I Prophesy Disaster
02. Necromancer (3:36)
03. Refugees (5:24)
04. The Boat of Millions of Years (3:50)
05. Lemmings(including Cog) (11:37)
06. W (4:26)
07. Arrow (9:46)
08. La Rossa (9:50)
09. Ship of Fools (3:46)
10. Medley (Parts of "A Plague of Lighthouse Keepers" and "The Sleepwalkers") (13:32)
- Peter Hammill / vocals, guitars, keyboards
- Guy Evans / drums
- Hugh Banton / organ, bass pedals and guitar (No 1 to 8)
- David Jackson / saxes, flutes (No 1, 8, 10)
- Keith Ellis / bass (No 1, 2)
- Nic Poter / bass (No 3, 4)
- Graham Smith / violin (No 9, 10)
- Charles Dickie / cello, keyboards (No 10)
'Refugees' is a treasure from "The Least We Can Do Is Wave To Each Other", though I definitely prefer the brilliant 'Darkness (11/11). 'The Boat of Millions of Years' was a rarity until its release as a bonus track on the remaster of the aforementioned album.
We move then to some tracks from the masterpiece "Pawn Hearts", including genius composition 'Lemmings (including Cog)'. Here, it is easy to see why this band are musical pioneers and boundary pushing visionaries. The track begins innocently enough, "I stood alone upon the highest cliff-top, looked down around and all I could see were those that I would dearly love to share with crashing on quite blindly to the sea." David Jackson's saxophone soon turns it up a notch and we are treated with the maelstrom of sound and verbal music psychosis that is quintessential VDGG. 'W' follows that is a track that never made it to the album but it is nice to hear it here.
"Godbluff" is well presented by the dark, brooding menace of 'Arrow'. Hammill's vocals are more tortured and raspy on this track and are a surprising contrast to the smoothness on the other tracks. The track begins with a percussion and saxophone improvisation that reminds one of the early King Crimson years. The track relies highly on saxophone and Hammond but the understatement of the bass is admirable and knits it all together perfectly.
'La Rossa' is one of the gems from "Still Life", a wonderful composition with an antithesis of intense atmospheres and entrancing beauty; Hammill absolutely blasting out with an emotive delivery. Jackson is a revelation on sax and the organ grinds powerfully throughout, along the drums and bass motifs. This track is truly a wonderful foray into the dark netherworld of VDGG. Ear splitting vocals and ambient keyboards are the order of the day and Hammill is a master of the insightful existential lyric. This is him at his existential best as he indulges in caterwauling along genuinely off kilter melodic jazz dissonance.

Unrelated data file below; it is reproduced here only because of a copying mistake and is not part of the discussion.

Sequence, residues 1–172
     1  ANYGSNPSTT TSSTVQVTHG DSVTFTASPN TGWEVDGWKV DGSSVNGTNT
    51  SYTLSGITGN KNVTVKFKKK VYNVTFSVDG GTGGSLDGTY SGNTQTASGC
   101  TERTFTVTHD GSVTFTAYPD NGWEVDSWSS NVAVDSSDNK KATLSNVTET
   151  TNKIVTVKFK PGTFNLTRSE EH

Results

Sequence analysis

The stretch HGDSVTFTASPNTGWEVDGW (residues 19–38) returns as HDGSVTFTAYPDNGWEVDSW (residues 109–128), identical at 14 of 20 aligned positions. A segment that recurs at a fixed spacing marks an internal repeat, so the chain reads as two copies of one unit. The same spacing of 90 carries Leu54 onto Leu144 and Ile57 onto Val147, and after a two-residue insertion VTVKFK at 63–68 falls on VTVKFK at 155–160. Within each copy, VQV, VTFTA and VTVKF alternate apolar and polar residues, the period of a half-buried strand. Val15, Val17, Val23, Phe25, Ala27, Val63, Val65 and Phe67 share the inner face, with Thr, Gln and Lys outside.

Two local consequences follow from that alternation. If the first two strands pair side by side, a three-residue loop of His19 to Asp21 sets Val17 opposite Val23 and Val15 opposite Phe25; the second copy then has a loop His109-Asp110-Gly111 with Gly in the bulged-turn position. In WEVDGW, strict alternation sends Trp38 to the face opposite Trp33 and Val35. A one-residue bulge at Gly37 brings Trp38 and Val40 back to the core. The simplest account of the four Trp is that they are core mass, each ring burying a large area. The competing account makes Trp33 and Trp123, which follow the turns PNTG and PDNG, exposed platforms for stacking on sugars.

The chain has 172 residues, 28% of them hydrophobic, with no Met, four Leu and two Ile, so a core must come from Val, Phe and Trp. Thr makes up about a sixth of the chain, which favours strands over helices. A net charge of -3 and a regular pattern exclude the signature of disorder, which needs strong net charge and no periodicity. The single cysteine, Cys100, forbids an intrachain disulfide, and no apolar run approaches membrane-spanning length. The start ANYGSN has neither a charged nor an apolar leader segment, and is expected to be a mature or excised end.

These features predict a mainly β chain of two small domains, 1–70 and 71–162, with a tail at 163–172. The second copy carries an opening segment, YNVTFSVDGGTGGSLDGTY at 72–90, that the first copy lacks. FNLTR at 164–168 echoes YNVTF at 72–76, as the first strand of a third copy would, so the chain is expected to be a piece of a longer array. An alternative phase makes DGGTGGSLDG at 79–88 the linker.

'Ship of Fools' was an unreleased single but now represents the bonus track from the remastered "The Quiet Zone/ The Pleasure Dome" with raucous servings of heavy guitar, and intense vocals full of angst and rage. It is perhaps the heaviest that the band gets, and shows a new direction that the band took during this era of 1977.
'Medley (Parts of "A Plague of Lighthouse Keepers" and "The Sleepwalkers")' is the 13:32 treasure from the live "Vital". I always loved this version from the live performance and at least this compilation does include some of the ingenious "Pawn Hearts" epic. It is not as good as the epic of course but still nice to revel in. The way it segues into "Godbluff"'s 'The Sleepwalkers' is a stroke of genius and again it is great to hear those quirky melodies again. It begins softly and then launches into the maelstrom of sound and verbal music psychosis that is VDGG. The Hammond and sax take us deeper into the abyss and VDGG really let loose with wild staccato riffs and a monstrous finale where everything just explodes into a paroxysm of uncontrolled mayhem. It's a killer track and moves from romanticism with piano elegy only to explode into a doom-laden soundwave with wild saxophones screaming over unfriendly sounds such as Dickie's keyboards and Guy Evan's off-kilter percussion. Potter's bass is booming on this live album and is one of the real drawcards to hearing the whole concert. 'A Plague of Lighthouse Keepers' was the first track I had heard from this amazing band that tells the story of an eyewitness who sees the unspeakable as he feels his body fading in a storm while voyaging on a doomed ship; It reminds one of Coleridge's Rime of the Ancient Mariner. 'The Sleepwalkers' is zombies rising from their sleep to wreak terror upon the unwary; both work together as a grande guignol visceral excursion into the macabre.
Overall, this is a terrific compilation but is missing some of the indispensable VDGG tracks. I like the way it features unreleased tracks at the time and still retains some of the masterful tracks that made this band such wonderful progressive legends. There is nothing new to offer those who own the VDGG remastered CDs but still is better than the average VDGG compilations as it features all of the years to the present date of release; from debut to "Vital".